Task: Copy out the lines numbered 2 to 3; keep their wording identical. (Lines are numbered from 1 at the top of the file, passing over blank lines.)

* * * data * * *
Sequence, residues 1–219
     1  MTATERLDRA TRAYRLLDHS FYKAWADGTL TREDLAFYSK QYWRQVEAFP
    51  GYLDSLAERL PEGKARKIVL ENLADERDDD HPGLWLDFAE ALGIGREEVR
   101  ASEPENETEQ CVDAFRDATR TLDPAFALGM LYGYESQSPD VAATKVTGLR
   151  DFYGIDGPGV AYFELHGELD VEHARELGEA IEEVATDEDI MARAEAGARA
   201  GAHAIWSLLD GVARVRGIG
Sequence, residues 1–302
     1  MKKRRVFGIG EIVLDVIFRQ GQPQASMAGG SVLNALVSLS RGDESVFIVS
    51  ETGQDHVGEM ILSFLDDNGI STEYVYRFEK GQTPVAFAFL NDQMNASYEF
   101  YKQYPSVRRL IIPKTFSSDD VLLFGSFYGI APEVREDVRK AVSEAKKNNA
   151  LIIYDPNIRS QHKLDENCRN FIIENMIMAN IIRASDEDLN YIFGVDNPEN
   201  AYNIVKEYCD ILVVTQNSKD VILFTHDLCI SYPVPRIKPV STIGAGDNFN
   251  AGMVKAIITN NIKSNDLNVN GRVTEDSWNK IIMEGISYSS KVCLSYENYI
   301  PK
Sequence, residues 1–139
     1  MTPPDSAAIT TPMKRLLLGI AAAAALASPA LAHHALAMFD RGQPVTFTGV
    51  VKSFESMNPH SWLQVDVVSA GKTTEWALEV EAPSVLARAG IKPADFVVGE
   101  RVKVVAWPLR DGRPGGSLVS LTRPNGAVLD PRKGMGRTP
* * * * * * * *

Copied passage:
     1  MTATERLDRA TRAYRLLDHS FYKAWADGTL TREDLAFYSK QYWRQVEAFP
    51  GYLDSLAERL PEGKARKIVL ENLADERDDD HPGLWLDFAE ALGIGREEVR